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All the Shah's Men

An American Coup and the Roots of Middle East Terror
Written by: Stephen Kinzer
Length: 11 hrs and 7 mins
Categories: History, Americas
4.5 out of 5 stars (15 ratings)

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Audible Editor Reviews

With his fast-paced narrative and deep ferreting out of the facts, Kinzer reassembles the CIA's 1953 coup of Mohammad Mossadegh, the democratically elected leader of Iran in favor of the bloodthirsty dictatorship of Mohammad Reza Shah, who is believed to have been a puppet for the US government. 

If you like Robert Ludlum or John Le Carre, you'll delight in Kinzer's account of the return of the Shah to Iran. It's written and performed like a spy novel, with code names, secret meetings, and last-minute plot twists. Kinzer's a long-time, highly experienced New York Times foreign correspondent, so he's deft at crafting hard facts into compelling narrative. 

Michael Prichard, a veteran narrator of everything from walking tours to military nonfiction, maintains a deliberate and steady pace. No shocking detail is overemphasized, and this contributes to the overall impact of the book. 

What's most frightening is that in the middle of this listen you begin to see connections between the installation of the Shah in Iran and the events of 9/11. "Past is prologue" has rarely been as accurate as it is here.

Publisher's Summary

Half a century ago, the United States overthrew the democratically elected prime minister of Iran, Mohammad Mossadegh, whose "crime" was nationalizing the country's oil industry. 

In a cloak-and-dagger story of spies, saboteurs, and secret agents, Kinzer reveals the involvement of Eisenhower, Churchill, Kermit Roosevelt, and the CIA in Operation Ajax, which restored Mohammad Reza Shah to power. Reza imposed a tyranny that ultimately sparked the Islamic Revolution of 1979 which, in turn, inspired fundamentalists throughout the Muslim world, including the Taliban and terrorists who thrived under its protection. 

"It is not far-fetched", Kinzer asserts, "to draw a line from Operation Ajax through the Shah's repressive regime and the Islamic Revolution to the fireballs that engulfed the World Trade Center in New York."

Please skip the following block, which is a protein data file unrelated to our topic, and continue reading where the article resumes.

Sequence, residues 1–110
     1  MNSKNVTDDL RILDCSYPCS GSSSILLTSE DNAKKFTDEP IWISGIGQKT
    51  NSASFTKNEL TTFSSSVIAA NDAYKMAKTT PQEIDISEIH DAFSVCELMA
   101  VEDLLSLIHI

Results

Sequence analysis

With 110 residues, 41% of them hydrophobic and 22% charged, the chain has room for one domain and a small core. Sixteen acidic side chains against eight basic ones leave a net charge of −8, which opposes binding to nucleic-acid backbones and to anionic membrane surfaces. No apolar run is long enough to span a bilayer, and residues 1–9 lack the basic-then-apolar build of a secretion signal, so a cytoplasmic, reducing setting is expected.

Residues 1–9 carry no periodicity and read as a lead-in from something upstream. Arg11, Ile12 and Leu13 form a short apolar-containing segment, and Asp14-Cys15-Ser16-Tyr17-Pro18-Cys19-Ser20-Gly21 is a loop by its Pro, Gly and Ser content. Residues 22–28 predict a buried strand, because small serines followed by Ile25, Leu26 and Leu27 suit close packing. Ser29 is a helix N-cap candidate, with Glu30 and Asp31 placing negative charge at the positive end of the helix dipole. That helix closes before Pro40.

©2003 Stephen Kinzer (P)2003 Tantor Media, Inc.

What the critics say

"Breezy storytelling and diligent research.... This stands as a textbook lesson in how not to conduct foreign policy." (Publishers Weekly)

"With a keen journalistic eye, and with a novelist's pen....a very gripping read." (The New York Times)

"Kinzer's brilliant reconstruction of the Iranian coup is made even more fascinating by the fact that it is true. It is as gripping as a thriller, and also tells much about why the United States is involved today in places like Afgahanistan and Iraq." (Gore Vidal)

What members say

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    5 out of 5 stars
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    5 out of 5 stars

Extremely well written, hard to put down

Brilliant account of the 1953 coup. Exciting to listen to. I had some idea of the history, but was still shocked at the details.

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  • Overall
    5 out of 5 stars
  • Rick
  • 2004-09-25

Hard to please

Being fairly conservative, I expected a liberal slant from a New York Times reporter. I felt the book was well researched and very well written. I'll never remember all of the Middle Eastern names mentioned in the book but I received an education that helps me understand current events in a more enlightened frame of mind.

33 people found this helpful

  • Overall
    5 out of 5 stars
  • D. Keith
  • 2004-04-10

The Law of Unintended Consequences writ large